(CNN) -- Sen. Barack Obama on Wednesday picked up endorsements from two key unions in Nevada, moves that could give the Illinois Democrat a significant leg up over rival Hillary Clinton in the state's caucuses next week.
Many Culinary Workers Union members work in Las Vegas' glittery hotels and casinos.
The Nevada caucuses, on January 19, is the next big event on the Democratic primary calendar.
The Culinary Workers Union, Local 226 and the Service Employees International Union of Nevada both endorsed Obama on Wednesday.
The 60,000-strong Culinary Workers Union includes members working in Las Vegas and Reno casinos and other locations in the Las Vegas area, and members working in other areas -- such as serving cocktails and housekeeping -- besides kitchen positions, according to the union Web site.
The SEIU in Nevada has 17,500 members, the group said, and nearly two-thirds of them are registered to vote. The union represents health care and public service employees across the state, according to SEIU-Nevada's Web site.
"The SEIU Nevada Executive Board voted overwhelmingly in support of the senator, citing his commitment to solving the issues facing the American people, including protecting workers rights," the union said in a statement.
The "overwhelming participation" of voters in the Iowa caucus and the New Hampshire primary showed that "Americans are ready for change," SEIU Executive Vice President Shauna Hamel said.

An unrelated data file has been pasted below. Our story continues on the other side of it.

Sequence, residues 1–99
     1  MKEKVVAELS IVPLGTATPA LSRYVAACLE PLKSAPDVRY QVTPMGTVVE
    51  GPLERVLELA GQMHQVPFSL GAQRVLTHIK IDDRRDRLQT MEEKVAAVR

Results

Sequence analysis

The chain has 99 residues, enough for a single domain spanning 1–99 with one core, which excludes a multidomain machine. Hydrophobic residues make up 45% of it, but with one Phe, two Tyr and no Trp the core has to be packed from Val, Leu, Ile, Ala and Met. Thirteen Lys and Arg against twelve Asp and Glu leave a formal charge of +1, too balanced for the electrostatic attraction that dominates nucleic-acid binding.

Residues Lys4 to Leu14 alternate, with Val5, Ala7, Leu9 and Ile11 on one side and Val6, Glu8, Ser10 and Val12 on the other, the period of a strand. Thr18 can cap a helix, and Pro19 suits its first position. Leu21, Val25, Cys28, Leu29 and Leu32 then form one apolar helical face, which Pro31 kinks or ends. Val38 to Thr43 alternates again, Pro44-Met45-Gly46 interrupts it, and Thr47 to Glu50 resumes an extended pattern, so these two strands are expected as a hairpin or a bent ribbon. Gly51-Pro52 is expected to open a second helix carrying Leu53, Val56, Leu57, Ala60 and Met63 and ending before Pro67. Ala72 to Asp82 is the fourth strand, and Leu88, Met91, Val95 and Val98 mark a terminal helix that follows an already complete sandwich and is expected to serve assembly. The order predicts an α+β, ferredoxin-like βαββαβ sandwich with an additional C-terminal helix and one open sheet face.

Obama came out on top of the Democratic pack in the Iowa caucus and finished a close second to Sen. Hillary Clinton in the New Hampshire primary Tuesday.
"We believe that Obama is the candidate who can bring the country together, and we are proud to support his candidacy," Hamel said in the statement.
A union endorsement can provide an important boost to a campaign. A union's backing often means an infusion of support for the campaigns, especially ground troops to help get out the vote.
But union endorsements don't always mean victory. The American Federation of State, County and Municipal Employees and SEIU both endorsed Howard Dean for president in during the 2004 presidential cycle. Two months later, after defeats in Iowa and New Hampshire, Dean dropped out of the race for the White House.
As a result of the experiences four year ago, unions have been more tentative when deciding whom to back.
"Organized labor wants to avoid a 2004 repeat, when union endorsements didn't bring victory to either Richard Gephardt or Howard Dean," said CNN senior political correspondent Candy Crowley.
Gephardt captured more union endorsements than any other candidate in 2004, but the former House Democratic leader gave up his bid for the White House after a poor finish in the Iowa caucuses. E-mail to a friend
CNN Nevada producer Alexander Marquardt and Paul Steinhauser contributed to this report.
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